The whole quantity of land subject to Tithes within the said parish which is cultivated as Arable land is one hundred and two acres two Roods and fourteen perches Statute measure

The whole quantity of land subject to Tithes within the said parish which is cultivated as Meadow or Pasture land is nine hundred and eighty nine acres three roods and four perches statute measure

The whole quantity of Gardens and Homesteads subject to Tithes within the said Parish is nineteen acres one rood and thirty perches Statute measure

The whole quantity of land subject to Tithes within the said Parish cultivated as Woodland and Plantation is fifty six Acres two Roods and thirty eight perches statute measure.

The Glebe lands of the said Parish which if not in the manurance or occupation of the owner would be subject to Tithes amount to Sixty two Acres and eight perches statute measure.

The next part of the schedule listed all moduses, prescriptive payments, customary payments and exemptions from tithe.

Certain lands of the said Parish heretofore common land are exempt from the payment of all Tithes under the provisions of a recent Inclosure Act and the whole quantity of such land is Eight hundred and Nine Acres three Roods and Seventeen perches statute measure

There are no other lands within the said Paris Exempt from the payment of Tithes

There is a modus within the said Parish for Cow White as follows [that is to say]

To pay Two pence for each Cow

One penny half penny for each Heifer and every tenth calf at seven weeks old running by the side of its Dam

No other Modus or composition real prescriptive or customary payment is payable instead of all or any of the Tithes of the said Parish

Next comes a decleration and the calculation of the amount of wheat oats and barley discussed earlier.

Now I John Martin of Evershot in the County of Dorset having been duly appointed Valuer to apportion the Total Sum agreed to be paid by way of Rent Charge in lieu of Tithes amongst the several lands of the said Parish of Rampisham Do hereby apportion the Rent Charge as follows :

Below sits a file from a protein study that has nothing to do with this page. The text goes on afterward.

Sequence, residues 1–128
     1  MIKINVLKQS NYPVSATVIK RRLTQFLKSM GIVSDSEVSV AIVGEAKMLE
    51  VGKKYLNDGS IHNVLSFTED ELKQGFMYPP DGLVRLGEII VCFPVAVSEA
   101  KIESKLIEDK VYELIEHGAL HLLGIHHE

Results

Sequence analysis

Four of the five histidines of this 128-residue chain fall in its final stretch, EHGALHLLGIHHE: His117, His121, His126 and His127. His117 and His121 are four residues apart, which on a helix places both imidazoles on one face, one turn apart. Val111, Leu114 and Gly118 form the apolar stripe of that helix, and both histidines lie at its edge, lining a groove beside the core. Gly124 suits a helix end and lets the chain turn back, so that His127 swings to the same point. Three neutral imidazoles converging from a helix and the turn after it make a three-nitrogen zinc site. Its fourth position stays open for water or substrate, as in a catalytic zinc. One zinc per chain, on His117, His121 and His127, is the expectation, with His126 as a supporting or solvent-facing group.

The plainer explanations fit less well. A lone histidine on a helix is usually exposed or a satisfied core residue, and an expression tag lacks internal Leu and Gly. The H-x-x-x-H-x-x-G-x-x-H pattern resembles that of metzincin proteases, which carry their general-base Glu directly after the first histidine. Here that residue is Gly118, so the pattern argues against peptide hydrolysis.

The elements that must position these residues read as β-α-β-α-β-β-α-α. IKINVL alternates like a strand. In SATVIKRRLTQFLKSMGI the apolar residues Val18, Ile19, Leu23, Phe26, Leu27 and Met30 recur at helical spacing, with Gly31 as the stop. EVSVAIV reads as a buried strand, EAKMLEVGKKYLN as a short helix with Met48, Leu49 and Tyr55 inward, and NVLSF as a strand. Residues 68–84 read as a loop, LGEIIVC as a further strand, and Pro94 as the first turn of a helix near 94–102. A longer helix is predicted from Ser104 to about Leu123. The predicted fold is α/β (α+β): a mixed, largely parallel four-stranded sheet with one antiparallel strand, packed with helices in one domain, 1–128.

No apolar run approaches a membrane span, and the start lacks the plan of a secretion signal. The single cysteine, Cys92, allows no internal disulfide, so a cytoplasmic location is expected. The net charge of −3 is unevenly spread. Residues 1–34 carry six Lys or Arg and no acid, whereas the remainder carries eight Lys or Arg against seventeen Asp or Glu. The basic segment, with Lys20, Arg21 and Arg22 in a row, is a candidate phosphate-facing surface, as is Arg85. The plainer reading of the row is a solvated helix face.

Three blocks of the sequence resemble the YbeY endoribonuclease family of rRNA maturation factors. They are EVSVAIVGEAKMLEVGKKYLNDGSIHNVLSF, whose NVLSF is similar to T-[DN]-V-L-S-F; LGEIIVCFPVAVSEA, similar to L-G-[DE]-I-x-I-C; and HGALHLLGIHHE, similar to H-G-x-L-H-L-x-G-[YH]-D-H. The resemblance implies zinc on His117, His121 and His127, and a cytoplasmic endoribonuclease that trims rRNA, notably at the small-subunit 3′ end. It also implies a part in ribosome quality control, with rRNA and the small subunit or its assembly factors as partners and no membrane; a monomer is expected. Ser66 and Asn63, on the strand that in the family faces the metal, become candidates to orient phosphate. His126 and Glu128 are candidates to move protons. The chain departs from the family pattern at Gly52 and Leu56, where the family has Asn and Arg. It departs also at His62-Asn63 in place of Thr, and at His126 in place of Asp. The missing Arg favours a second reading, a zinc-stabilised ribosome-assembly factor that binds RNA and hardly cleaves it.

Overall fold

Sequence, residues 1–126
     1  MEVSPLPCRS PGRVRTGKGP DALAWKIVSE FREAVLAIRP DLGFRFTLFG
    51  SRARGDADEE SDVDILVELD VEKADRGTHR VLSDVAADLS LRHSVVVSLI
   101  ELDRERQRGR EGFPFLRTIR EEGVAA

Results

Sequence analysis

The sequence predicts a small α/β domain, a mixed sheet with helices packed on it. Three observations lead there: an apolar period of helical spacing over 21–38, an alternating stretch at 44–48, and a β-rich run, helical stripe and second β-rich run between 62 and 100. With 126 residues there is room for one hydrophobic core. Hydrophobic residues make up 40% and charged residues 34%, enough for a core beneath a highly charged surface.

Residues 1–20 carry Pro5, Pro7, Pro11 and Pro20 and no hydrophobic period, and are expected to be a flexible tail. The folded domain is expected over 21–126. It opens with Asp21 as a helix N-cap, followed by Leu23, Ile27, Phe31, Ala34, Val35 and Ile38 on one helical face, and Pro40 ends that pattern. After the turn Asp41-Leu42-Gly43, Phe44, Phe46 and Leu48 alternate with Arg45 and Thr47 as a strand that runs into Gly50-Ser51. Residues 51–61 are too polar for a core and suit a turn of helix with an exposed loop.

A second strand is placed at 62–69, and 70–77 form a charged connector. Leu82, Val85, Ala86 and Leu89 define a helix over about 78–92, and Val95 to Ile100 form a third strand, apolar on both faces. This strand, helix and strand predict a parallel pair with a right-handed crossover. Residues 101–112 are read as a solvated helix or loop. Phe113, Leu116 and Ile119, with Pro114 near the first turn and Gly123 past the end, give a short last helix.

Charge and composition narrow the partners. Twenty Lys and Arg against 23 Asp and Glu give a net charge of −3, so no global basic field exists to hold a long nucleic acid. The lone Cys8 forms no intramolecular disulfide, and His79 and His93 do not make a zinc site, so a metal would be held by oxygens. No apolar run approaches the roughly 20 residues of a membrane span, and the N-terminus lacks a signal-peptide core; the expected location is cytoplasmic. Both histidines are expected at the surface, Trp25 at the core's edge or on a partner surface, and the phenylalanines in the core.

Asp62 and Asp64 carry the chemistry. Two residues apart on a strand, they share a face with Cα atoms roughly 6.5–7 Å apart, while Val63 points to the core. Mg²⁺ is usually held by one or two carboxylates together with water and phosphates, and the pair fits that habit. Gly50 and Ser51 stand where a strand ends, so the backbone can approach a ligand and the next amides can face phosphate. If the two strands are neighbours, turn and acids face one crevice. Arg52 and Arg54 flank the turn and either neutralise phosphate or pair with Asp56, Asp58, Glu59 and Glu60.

Gross Rent Charge payable to the Tithe Owner in lieu of Tithes for the Parish of Rampisham in the County of Dorset Two hundred and eight Pounds

Value in Imperial Bushels and Decimal parts of an Imperial Bushel of Wheat Barley and Oats : viz.

Price per Bushel

s d

Bushels and Decimal parts


7 ¼



3 11 ½



2 9


The Rampisham calculation was the only entry on an A3 page of the draft apportionment.

Following this comes the table of apportionment. There appears to have been no standard way of ordering the results. Sometimes the landowners were listed alphabetically, sometimes by size of holding but in the case of of Rampisham there appears to be no particular order other than that the first mentioned is Revd. Arthur Johnson – the lord of the manor.

A number of documents have survived from this commutation. The first is a book of particulars organised by plot number.

From the book of particulars.

The second appears to be his working draft; It is a simple note book in which he has written his own headings and in which he doodles as was his wont.

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In the view below we can see that he recorded not only the area of the land in ink but also it’s value, inserted in pencil. The next inked column although not titled is in fact the rent-charge for that plot. What the remaining pencilled column is for is not known, except that some entries have a second column repeating the rent charge to the right of this one.

That this is a working document is shown by various deletions and pencil additions.

The final draft, presumably the one that was shown to the ATC and the landowners was produced on a printed form and mimics the final instrument. There is no practical difference between them. At the end of the instrument is a summary page.

As a landowner Martin himselfhad to pay 5s rent-charge.

In total the Instrument of Apportionment took up thirty three pages and at the end was signed by John Martin and then sent to London. There the Tithe Commission examined it together with the ATC report and then attached their seal to the document with the following endorsement :